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ECommerceTimes.com

BlackBerry's Coca-Cola Moment

BlackBerry's Coca-Cola Moment

Coca-Cola did something very unusual for a corporate giant. Its executives said they were wrong. They admitted the customer knew best. They apologized for screwing around with the brand, and they brought back the good, old-fashioned Coca-Cola recipe. Those executives gave in to mounting customer pressure. If they hadn't, that may have been the end of the company.

By Jeff Kagan
04/03/14 9:41 AM PT

BlackBerry CEO John Chen is trying to turn the company's fortunes around, and something it has in common with Coca-Cola could help. This is something very important, if BlackBerry realizes it. It's something that if done correctly could help the company succeed once again.

I have followed BlackBerry for many years, watching its ups and predicting its downs. I believe that if its leaders are alert -- and if they can learn -- the company can recover.

Coca-Cola has been around forever. It has been one of America's best-known and most loved brands for more years than most of us have been alive. It inspires a special emotional connection with customers, sort of like Apple does.

However, in spite of all its success -- which took decades to build -- Coca-Cola execs almost flushed it all down the drain overnight. A company's path can change directions, from success to failure, in a heartbeat.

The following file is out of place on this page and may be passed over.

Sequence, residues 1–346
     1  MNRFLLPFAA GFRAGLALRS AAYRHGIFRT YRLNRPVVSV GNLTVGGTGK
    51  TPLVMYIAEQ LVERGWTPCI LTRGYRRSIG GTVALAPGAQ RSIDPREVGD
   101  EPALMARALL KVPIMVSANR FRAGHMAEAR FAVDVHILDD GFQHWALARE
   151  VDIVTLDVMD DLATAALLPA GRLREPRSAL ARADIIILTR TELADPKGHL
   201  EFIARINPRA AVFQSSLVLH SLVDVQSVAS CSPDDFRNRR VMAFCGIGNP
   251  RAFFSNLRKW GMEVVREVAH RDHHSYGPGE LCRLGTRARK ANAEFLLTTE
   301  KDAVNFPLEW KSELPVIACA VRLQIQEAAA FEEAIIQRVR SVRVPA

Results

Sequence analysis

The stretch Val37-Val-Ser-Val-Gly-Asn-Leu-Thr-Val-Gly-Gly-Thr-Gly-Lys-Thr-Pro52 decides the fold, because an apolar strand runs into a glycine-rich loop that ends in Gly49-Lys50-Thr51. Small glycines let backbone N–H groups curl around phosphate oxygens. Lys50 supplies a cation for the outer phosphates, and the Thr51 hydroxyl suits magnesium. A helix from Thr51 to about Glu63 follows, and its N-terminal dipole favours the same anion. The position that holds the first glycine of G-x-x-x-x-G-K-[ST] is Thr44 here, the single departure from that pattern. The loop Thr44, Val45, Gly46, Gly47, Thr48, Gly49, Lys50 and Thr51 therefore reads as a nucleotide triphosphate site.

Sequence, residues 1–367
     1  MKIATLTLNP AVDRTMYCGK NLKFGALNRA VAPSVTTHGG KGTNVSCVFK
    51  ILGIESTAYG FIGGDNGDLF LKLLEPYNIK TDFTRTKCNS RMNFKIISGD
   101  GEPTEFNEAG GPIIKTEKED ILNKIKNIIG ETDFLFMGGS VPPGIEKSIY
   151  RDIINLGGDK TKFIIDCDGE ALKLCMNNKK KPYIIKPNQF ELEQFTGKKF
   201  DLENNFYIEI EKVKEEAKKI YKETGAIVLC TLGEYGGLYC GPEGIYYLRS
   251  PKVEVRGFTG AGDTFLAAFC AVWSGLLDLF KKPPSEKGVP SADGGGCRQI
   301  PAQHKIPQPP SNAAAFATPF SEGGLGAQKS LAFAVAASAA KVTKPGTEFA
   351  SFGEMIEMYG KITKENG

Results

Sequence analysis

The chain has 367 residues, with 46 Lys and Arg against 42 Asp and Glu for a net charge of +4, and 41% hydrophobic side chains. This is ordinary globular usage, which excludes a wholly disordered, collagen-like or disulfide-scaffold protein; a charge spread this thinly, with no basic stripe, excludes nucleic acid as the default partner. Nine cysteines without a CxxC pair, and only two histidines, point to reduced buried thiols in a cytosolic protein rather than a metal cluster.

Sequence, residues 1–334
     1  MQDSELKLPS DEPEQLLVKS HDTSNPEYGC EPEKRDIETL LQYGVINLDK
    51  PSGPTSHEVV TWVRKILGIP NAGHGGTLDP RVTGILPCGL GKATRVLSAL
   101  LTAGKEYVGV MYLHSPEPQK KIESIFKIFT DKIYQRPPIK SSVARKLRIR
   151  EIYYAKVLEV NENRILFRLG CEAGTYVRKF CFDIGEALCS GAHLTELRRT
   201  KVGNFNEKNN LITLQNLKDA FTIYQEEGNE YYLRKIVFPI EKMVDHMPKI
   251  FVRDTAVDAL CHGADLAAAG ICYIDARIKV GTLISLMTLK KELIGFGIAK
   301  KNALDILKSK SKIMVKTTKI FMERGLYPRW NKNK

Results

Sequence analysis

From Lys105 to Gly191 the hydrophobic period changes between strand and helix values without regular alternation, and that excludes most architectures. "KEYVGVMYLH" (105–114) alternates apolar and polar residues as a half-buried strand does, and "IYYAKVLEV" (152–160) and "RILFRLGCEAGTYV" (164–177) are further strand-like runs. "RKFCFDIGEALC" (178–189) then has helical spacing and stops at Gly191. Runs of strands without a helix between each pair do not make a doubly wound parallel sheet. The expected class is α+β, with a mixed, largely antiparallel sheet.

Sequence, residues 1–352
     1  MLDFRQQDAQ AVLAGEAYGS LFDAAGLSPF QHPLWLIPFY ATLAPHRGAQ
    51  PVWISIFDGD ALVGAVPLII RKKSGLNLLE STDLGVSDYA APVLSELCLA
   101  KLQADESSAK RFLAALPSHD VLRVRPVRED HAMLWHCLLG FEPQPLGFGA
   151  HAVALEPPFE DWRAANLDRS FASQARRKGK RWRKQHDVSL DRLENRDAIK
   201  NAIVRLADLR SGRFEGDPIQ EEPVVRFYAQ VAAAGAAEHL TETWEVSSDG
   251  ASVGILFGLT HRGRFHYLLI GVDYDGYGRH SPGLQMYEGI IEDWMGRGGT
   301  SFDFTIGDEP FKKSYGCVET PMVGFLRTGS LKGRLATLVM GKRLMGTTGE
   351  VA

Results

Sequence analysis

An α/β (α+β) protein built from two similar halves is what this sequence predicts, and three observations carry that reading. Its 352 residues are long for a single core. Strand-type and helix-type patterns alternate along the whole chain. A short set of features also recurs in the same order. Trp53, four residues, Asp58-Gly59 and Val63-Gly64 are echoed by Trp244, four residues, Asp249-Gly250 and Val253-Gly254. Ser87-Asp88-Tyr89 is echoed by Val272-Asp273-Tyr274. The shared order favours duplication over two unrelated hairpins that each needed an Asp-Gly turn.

Eve of Destruction

Remember several years ago, when Coca-Cola executives thought they knew the product better than the customer? They changed the recipe. They thought they were making a big move -- and it was indeed very big. It was one big punch in the nose.

Coca-Cola had been around forever. It had been on many consumers' taste buds since they were kids who walked to the corner store for a bottle of pop. It was part of America.

Many adults knew and loved the classic taste of Coke. It brought back memories of childhood, and they wanted to extend that relationship to their children. That nostalgia was something that benefited both the family and the Coca-Cola brand.